One such “inaccuracy” involves what data was being stored. In his interview with the Monroe News-Star, White reported the following:
In an email to The News-Star, White said that “the only student info we are storing in this garage: local student ID, first name, last name, gender, date of birth, ethnicity and race.”
Note that according to White, “the only information” does not include social security numbers (SSNs).
Apparently, the Monroe News-Star story has caused quite the stir for InBloom. In an email from InBloom to an InBloom pilot in another state, an InBloom official writes about the situation in Louisiana in order to clarify the “inaccuracies”:
An article was published this morning [Friday, April 19, 2013] that had a number of inaccuracies about Louisiana’s continued involvement with inBloom. I wanted to reach out and give you some additional context.
Last month, we learned that Louisiana was utilizing SSN as their local student ID for enrollment for their Course Choice platform which is currently leveraging inBloom services. We have since been working with the LADOE team to expedite the rollout of a new state-wide student ID. The Louisiana team felt it best to suspend their use of inBloom services while they assess long-term alternatives to storing SSN’s in inBloom. We are supportive of this decision given our sensitivity to hosting SSN’s, as described in the Software as a Service Agreements we have already signed with several of you. Louisiana is the only state or district partner where SSN’s were a concern. Louisiana remains part of the inBloom consortium and is evaluating the path toward reconnecting the data services in a time and manner aligned with their state instructional improvement goals. [Emphasis added.]
InBloom has access to student social security numbers. Even though InBloom writes that it is “working… to expedite… a new state-wide student ID,” this does not change the fact that InBloom had access to SSNs even though John White lied (surprising, huh?) to the Monroe News-Star about what data was being stored with InBloom. Furthermore, in “tapping into” InBloom for the purpose of data for student enrollment in Course Choice, Agilix would have been able to access these SSNs.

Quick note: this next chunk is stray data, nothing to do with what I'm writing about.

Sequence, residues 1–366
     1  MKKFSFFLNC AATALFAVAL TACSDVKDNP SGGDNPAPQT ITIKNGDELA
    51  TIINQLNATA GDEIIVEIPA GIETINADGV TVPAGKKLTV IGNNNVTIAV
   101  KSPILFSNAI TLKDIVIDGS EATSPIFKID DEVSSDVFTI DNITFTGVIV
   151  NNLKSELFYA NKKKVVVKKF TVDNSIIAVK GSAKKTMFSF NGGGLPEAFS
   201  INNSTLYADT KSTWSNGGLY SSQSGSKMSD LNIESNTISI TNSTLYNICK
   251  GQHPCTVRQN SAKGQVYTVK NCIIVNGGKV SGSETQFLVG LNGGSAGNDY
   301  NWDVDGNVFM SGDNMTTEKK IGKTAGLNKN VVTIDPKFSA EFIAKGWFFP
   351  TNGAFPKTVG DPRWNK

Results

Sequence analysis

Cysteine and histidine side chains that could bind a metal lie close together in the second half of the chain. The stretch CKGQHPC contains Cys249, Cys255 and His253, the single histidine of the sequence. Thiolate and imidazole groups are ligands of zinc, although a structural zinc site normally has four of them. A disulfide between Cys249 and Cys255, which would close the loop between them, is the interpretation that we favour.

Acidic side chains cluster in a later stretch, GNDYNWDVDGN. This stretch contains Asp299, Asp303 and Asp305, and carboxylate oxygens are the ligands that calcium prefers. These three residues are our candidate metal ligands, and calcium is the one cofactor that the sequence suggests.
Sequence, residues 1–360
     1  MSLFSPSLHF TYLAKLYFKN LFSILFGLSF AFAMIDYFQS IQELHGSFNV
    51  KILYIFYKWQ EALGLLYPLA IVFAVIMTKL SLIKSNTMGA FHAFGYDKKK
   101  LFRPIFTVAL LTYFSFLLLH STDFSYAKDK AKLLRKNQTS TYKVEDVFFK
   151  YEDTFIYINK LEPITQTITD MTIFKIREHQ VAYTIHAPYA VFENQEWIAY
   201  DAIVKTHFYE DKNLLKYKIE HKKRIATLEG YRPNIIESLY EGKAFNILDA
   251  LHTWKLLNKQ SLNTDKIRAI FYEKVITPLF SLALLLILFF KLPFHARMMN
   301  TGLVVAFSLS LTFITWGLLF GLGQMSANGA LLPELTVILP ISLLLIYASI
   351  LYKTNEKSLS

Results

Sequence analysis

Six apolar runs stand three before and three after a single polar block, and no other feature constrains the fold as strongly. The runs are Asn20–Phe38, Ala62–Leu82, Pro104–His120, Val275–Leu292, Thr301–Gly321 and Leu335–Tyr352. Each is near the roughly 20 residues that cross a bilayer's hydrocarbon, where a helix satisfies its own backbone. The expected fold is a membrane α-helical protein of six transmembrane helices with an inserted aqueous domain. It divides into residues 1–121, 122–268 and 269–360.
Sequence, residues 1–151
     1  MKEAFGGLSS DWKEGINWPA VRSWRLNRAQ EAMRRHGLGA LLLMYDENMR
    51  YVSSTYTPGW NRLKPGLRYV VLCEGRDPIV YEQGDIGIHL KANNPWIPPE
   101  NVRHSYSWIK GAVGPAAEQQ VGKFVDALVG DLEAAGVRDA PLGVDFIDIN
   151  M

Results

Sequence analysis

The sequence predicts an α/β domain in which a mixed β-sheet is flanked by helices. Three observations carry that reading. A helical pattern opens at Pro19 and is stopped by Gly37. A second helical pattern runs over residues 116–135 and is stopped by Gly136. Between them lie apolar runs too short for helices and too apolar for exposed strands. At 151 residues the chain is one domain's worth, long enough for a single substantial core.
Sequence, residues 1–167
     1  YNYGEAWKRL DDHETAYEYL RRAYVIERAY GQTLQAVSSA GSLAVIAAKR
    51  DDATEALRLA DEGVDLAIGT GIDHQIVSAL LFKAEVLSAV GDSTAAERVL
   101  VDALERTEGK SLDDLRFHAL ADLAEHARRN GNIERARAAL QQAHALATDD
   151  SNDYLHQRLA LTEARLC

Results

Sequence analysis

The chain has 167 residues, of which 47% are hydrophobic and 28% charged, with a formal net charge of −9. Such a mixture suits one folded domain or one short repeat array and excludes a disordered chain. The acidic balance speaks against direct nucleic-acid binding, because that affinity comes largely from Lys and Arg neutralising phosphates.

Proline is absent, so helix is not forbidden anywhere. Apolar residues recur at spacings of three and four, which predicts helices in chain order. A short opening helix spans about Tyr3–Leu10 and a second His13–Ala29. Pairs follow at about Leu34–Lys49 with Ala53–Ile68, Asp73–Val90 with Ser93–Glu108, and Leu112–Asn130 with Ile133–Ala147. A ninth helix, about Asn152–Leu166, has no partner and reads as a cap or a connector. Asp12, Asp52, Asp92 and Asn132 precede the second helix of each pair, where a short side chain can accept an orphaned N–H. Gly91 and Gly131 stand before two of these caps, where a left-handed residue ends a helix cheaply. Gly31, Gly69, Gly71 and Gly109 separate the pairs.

Another “inaccuracy” involves John White’s leading the public to believe that he suspended InBloom services due to public outcry. However, according to this email from an InBloom official, the suspension was only until “alternatives to storing SSNs” could be determined.
Did White lie to the Monroe News-Star about what data was being stored then try to effect system of lies whereby he played both the public and InBloom? Did White tell the public, “The deal with InBloom is off because I hear your concerns” and tell InBloom, “Let’s suspend InBloom use until we remove the SSNs”?
From the content of the InBloom email above, it sure sounds like InBloom was never told that the “partnership” between LDOE and InBloom was “withdrawn, period.” And it certainly does not sound like White told InBloom that any suspension was the result of public concerns. But do reread the end of White’s email to superintendents and BESE. White writes about “entering into new relationships with partners providing this [data storage and management] service.” White is trying to leave the door open while seeming to yield to public concerns.
In short, White has not changed his intent to share student data.
Keep in mind that White has at least three data sharing “relationships” in force at this time, none of which is BESE approved.
This sure sounds like the way White works based upon his “muddy the narrative” emails, in which White scrambled after the fact in a flurry of emails to make his lie of “due diligence” in voucher school selection appear true.
I have more information on the LDOE saga, information concerning lawsuits filed in response to LDOE’s withholding data and allegedly violating open meetings laws. But I need to grade some papers now.